3. It’s great to hear your journey from being silenced by the outside world to again feeling the freedom to express. I think this is a way many tread in their lives, from being free in their expression to becoming quite quiet because the outside world might find that comfortable. But they also need us to stay true in our expression so that we can get out of this mess we have ventured into where we do not say what is needed to be said.

  4. It is fascinating but more so indicting that our voice and the way we speak gets so manipulated as we grow up. Of course because we allow it to happen, but often it comes with a sense of giving our power away to something else. Or having to force our way through life in some way.

  5. Our true expression lies in the depth and quality of the connection we commit to building with ourselves, and from there we feel the natural impulse to express when our heart is open.

  6. It is interesting how we work hard to create the images others end up having of us and how we then use behaviors to try to control how others relate to a reduced version of us that match the image.

  7. With the claiming of ourselves and who we truly are, paves the way for our expression to flow and flourish.

  8. “I have held back from speaking up because I know someone else is louder and I would have to contend to be heard. But the feeling I now have is trust in what I have to share; it is too great to not find my own way to express it.” I love this as I feel this often in myself and give up when people don’t listen or talk over me. You inspire me to see in what way I can express without forcing, but in a way that is naturally to me.

  9. We bring about much complexity when we try to live up to the ideals. Thank you for the reminder that simplicity and confidence are natural to us and available to be reignited.

  10. Thank you Cherise, I can relate to the over responsibility as a child and not expressing my own worries and instead taking on others. True expression is a huge area, there can be so many things that impact whether we truly express our truth and how we feel or not. As you say it comes back to honouring ourselves and keeping it simple by letting go of beliefs and pictures around what we think we have to say.

  11. Our silence communicates more than words at times. A commitment to True expression asks us to speak when it is needed and stay silent when that is needed. We can only be true to ourselves if we are true in our expression.

  12. The more we let go of controlling our expression and thinking about what we are going to say from our mind, and instead opening up to expressing from what we feel within our body, the more we allow our natural expression to unfold.

  13. We live life like a multiple choice test, continually hoping to give the right answer – then getting despondent that we don’t. To be told we had everything all along is a freak out to our mind, but it’s the absolute truth. All we need, as you show Cherise, is to simply let it out. Thank you.

  14. What a journey Cherise of finding your voice again. It is interesting how we can think it is lack of confidence, where it was simply holding back and listening to the doubts in the head. We get many opportunities to re-discover our voices, the more we practice, the easier it feels.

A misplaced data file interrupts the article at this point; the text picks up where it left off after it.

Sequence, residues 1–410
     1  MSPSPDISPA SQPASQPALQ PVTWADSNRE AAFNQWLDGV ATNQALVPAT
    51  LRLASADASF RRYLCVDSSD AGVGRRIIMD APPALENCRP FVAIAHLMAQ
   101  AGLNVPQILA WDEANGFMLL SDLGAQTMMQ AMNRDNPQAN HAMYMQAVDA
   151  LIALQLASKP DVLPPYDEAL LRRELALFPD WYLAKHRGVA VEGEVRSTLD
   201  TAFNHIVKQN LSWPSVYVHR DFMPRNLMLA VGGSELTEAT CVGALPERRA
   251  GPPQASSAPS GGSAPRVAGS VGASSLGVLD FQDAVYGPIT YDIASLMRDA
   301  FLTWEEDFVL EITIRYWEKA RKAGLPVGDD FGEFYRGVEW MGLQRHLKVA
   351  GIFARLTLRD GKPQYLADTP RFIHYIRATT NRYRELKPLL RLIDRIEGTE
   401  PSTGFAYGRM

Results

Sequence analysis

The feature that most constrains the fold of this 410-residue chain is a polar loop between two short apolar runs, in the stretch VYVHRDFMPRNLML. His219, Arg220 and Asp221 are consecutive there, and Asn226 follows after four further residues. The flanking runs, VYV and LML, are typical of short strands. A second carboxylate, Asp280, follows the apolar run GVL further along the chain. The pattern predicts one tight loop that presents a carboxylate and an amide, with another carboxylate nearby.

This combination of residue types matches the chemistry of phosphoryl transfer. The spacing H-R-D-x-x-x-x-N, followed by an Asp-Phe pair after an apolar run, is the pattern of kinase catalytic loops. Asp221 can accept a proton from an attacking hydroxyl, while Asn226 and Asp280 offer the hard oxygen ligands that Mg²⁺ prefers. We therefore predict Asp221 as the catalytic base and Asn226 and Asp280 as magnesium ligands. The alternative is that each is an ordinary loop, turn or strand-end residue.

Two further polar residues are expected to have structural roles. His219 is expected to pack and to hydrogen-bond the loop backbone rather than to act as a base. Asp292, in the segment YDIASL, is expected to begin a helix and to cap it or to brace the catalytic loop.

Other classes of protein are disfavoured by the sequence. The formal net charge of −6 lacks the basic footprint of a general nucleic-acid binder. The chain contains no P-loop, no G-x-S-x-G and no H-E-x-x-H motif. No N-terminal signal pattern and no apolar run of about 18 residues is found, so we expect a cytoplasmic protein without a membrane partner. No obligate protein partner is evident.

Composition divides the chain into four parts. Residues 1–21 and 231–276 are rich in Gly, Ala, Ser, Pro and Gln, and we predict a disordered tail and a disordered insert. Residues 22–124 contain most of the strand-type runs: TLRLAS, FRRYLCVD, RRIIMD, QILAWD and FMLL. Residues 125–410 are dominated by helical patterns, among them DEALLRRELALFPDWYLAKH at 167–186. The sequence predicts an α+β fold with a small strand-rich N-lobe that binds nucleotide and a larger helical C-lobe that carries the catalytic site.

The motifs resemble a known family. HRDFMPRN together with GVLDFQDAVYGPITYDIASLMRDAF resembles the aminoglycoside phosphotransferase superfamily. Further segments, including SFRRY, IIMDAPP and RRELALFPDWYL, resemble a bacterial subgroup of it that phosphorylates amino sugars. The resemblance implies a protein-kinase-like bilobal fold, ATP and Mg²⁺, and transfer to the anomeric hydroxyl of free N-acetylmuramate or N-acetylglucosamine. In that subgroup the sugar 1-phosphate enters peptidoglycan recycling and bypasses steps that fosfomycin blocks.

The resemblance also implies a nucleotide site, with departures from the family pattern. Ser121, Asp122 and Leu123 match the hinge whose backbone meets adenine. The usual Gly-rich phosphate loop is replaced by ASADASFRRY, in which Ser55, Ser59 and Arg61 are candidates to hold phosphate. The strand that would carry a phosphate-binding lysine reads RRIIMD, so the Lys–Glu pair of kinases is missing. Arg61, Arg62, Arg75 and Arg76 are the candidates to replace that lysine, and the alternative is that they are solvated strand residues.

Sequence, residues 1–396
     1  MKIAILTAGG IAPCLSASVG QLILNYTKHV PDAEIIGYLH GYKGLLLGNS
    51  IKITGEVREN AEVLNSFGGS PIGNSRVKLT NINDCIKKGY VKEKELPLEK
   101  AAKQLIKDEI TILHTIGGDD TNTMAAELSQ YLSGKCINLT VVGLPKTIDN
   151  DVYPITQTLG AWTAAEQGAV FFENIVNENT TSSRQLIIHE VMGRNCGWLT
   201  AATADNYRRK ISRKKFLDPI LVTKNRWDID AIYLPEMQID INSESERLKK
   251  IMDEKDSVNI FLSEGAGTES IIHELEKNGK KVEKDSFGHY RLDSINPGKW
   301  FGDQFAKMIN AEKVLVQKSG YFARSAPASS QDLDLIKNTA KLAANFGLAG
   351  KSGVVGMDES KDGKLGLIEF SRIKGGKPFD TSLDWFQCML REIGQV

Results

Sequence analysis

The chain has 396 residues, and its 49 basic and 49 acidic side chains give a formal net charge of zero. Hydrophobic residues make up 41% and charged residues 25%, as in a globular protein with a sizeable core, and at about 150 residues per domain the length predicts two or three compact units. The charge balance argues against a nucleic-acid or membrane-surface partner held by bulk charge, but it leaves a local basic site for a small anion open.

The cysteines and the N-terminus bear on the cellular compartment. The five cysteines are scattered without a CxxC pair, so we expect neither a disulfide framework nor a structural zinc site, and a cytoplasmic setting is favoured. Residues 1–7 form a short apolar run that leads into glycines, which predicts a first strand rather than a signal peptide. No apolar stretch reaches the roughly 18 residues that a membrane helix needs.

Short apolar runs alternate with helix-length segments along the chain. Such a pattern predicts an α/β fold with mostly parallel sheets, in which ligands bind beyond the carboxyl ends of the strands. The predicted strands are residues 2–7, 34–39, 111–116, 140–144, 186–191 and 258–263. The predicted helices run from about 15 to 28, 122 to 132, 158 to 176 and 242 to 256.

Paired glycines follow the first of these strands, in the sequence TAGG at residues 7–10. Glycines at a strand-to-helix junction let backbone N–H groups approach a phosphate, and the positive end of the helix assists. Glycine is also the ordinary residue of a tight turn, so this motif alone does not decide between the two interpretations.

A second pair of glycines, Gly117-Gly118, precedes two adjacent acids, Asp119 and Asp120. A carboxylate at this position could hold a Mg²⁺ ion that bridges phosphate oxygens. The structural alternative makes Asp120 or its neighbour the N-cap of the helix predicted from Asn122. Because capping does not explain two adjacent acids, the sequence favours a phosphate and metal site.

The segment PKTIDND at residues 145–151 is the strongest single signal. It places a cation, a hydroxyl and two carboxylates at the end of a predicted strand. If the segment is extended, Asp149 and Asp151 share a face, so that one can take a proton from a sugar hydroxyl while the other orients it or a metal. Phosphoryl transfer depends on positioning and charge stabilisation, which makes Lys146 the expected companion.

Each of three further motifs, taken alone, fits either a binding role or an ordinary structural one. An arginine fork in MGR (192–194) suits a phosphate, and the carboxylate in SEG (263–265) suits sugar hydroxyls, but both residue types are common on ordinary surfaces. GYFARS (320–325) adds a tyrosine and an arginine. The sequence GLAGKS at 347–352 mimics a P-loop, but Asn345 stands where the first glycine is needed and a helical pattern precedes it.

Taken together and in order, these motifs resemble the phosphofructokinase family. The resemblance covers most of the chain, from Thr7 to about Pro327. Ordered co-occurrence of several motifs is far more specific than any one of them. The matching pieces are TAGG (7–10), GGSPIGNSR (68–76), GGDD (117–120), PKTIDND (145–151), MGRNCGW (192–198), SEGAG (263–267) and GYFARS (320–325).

15. In the past I have so often held back from expressing what I am feeling or sensing, as such dishonouring my truth, always in fear of being ridiculed. I now realise that this has added to my belief that I lacked self-confidence, which I have since discovered is not true. The fact the we can feel the truth is a confirmation of the wisdom we all hold within, and the more we express what we feel from our hearts, the more we build and strengthen our relationship with our inner confidence. When we express the truth we feel we offer the opportunity for us all to open up and learn, grow and be inspired.

  16. Through judgment, comparison and criticism the world likes to remove all our innate confidence and there are many people willing to be a party to undermining us in this way. And of course it is only natural that we should join in and become our own worst critic, I know I did. But the antidote is to know that all of this bile coming at us and even from ourselves is toxic and all untrue. I then learned that self love is not only possible but starts to change everything and it is also the key to being able to love others, for when we don’t love ourselves, we cannot love another. This is a truth that we may often prefer to not know, but a truth it is. nevertheless.

  17. Like you, Cherise, I am profoundly thankful for Serge Benhayon and Universal Medicine for presenting “to me was the fact that true confidence is already within me”. It is ongoing unfolding journey of joy as I re-discover myself.

  18. Theres a lot that can come between us and true real expression, for me ive spotted a measuring of expression, so I often express differently according to who I’m expressing to, it’s such a relief when I drop that and just talk and just be myself unbarred.

  19. I can relate to the control that restricts our voice and natural expression. It seems that this is something that we choose to impose on ourselves – from the influence of those around us. The thing is this can start so young we might not realise or forget why/how it all started and ‘think’ that this is who we are. Having any limitation, shyness, fear or hurt to say what is true for us is not who we naturally are, it’s become our interpretation of who we think the world wants or needs us to be.

Leave a Comment

Fill in your details below or click an icon to log in:

WordPress.com Logo

You are commenting using your WordPress.com account. Log Out /  Change )

Google+ photo

You are commenting using your Google+ account. Log Out /  Change )

Twitter picture

You are commenting using your Twitter account. Log Out /  Change )

Facebook photo

You are commenting using your Facebook account. Log Out /  Change )

Connecting to %s